I used to think that conversation was all about talking. To "con-verse" means "to speak words with." Two people speak words with each other, and that’s conversation. Some time ago it began to dawn on me that if two people did nothing more than speak words with each other, there might not be a lot of communication going on. Someone needs to be on the receiving end of the words.
And so I grew to understand that conversation was made up of two parts: speaking and listening. Ideally, each participant in the dialogue would do both. Give and take, fifty-fifty, like in a good marriage. I learned this important truth, but it took me a while longer to put it into practice.
In conversations with friends, though I was careful not to talk more than my fifty percent, I wasn’t so good about listening the other fifty. I’d be making eye contact and nodding intelligently but my mind was usually on the future—what I was preparing to say during my upcoming 50% talk time. I’m a slow learner, but eventually I realised something might be wrong with this picture. The technique wasn’t working. Conversation was stressful, and it wasn’t very rewarding either.
I remember the exact moment when the light dawned. I was talking with a friend about religion, and I was beginning to think the dialogue wasn’t going anywhere. Maybe we should just agree to disagree and leave it at that. Then another participant entered the discussion, whispering in my ear—in a deep place where I sometimes hear God’s voice. The input came in the form of a question, as God’s input often does. He said, "Are you hearing what Simon is saying to you?"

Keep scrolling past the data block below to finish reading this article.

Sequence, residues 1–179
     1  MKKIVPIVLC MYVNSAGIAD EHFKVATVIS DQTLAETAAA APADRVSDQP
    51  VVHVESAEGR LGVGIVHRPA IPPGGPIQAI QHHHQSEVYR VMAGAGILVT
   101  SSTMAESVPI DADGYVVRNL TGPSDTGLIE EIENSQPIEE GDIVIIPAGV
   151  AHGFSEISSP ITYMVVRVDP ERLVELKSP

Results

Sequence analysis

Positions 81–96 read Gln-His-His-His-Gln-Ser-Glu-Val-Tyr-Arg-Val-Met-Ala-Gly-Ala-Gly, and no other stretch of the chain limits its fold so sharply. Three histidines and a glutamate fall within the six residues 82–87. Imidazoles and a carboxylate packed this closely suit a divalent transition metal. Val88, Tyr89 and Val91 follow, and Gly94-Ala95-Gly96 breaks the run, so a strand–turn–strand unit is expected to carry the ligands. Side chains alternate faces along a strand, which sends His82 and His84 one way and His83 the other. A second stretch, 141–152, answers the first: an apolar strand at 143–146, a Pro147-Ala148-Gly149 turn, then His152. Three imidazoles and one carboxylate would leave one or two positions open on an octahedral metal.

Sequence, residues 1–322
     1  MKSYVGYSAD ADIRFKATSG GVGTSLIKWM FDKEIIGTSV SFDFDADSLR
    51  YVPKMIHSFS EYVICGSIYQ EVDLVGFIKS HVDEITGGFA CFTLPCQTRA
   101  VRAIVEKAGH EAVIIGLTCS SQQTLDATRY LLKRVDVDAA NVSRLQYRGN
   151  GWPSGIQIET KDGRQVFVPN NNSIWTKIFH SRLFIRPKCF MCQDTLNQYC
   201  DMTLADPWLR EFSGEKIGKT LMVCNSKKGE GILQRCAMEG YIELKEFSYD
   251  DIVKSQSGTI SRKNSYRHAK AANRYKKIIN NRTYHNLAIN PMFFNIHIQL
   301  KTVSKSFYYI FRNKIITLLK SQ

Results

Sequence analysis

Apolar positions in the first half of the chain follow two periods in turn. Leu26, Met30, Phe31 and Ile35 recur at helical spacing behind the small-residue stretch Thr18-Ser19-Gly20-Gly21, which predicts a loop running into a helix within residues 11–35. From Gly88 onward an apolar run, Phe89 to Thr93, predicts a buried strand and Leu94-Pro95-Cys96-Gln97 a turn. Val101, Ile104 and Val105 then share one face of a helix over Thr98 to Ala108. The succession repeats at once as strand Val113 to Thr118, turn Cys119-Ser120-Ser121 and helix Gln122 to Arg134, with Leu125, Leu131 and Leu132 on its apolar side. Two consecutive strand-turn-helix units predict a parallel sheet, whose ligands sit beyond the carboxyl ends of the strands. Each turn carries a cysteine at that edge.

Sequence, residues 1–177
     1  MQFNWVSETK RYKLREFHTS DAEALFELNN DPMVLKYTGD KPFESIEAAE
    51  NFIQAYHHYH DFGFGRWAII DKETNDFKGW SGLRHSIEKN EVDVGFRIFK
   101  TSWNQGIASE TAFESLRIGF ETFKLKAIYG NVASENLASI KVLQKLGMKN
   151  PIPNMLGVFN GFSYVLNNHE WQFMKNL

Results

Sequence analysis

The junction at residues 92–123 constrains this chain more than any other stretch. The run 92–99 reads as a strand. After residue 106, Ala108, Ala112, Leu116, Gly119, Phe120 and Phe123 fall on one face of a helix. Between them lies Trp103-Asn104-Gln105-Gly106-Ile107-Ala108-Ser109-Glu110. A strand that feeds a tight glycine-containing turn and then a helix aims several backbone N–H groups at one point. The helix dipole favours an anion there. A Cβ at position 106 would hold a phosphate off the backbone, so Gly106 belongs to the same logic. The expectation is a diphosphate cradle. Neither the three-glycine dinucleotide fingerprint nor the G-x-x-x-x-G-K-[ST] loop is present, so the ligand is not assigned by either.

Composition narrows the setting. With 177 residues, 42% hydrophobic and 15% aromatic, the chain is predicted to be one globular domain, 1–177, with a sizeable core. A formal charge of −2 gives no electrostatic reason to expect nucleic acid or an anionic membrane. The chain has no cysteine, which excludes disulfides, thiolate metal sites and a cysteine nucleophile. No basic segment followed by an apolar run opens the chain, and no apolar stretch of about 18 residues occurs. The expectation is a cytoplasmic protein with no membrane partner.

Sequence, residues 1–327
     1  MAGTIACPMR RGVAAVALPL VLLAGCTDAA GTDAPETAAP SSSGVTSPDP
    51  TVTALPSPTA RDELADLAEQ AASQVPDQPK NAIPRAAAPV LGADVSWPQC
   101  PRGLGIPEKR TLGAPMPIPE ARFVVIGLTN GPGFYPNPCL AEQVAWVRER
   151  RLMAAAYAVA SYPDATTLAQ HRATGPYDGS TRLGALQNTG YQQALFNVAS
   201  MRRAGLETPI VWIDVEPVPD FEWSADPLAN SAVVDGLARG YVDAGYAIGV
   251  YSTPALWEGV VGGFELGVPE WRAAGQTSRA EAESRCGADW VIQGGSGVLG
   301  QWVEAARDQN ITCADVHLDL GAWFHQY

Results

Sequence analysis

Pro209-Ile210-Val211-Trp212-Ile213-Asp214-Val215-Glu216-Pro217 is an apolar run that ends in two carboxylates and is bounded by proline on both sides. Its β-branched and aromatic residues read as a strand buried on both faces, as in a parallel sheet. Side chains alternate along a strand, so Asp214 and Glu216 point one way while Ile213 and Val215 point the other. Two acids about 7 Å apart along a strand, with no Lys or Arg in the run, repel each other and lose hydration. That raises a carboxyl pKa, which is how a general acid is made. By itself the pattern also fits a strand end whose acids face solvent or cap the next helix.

I began to listen, and a strange thing happened. I discovered we were talking about some of the same things and we agreed on many of them. I was able to take ideas he was giving and hand them back in a meaningful way—a way that was a blessing for both of us. I had a sense I was entering into his heart and finding treasures that I wouldn't have discovered anywhere else. Our conversation became rich, refreshing and enjoyable.
Since that day my conversations with others have changed dramatically. I sometimes even abandon the 50/50 ratio and listen 90% of the time. Consequently, I’ve learned so much. I’ve had the opportunity to get out of myself more often and into others, and my world is now that much bigger.
My current challenge is to apply this life lesson to my relationship with God. I’m reading a great book called The Papa Prayer, by Larry Crabb. He says what’s important about prayer is not getting what we ask for but relating to the One we’re speaking to, and relating is more about listening than talking. In fact, I’ve decided listening is so important that if I don’t have time to both listen and talk to God I’m going to leave out the talking part. His whisper in my ear is always life-changing. I want to hear it more often.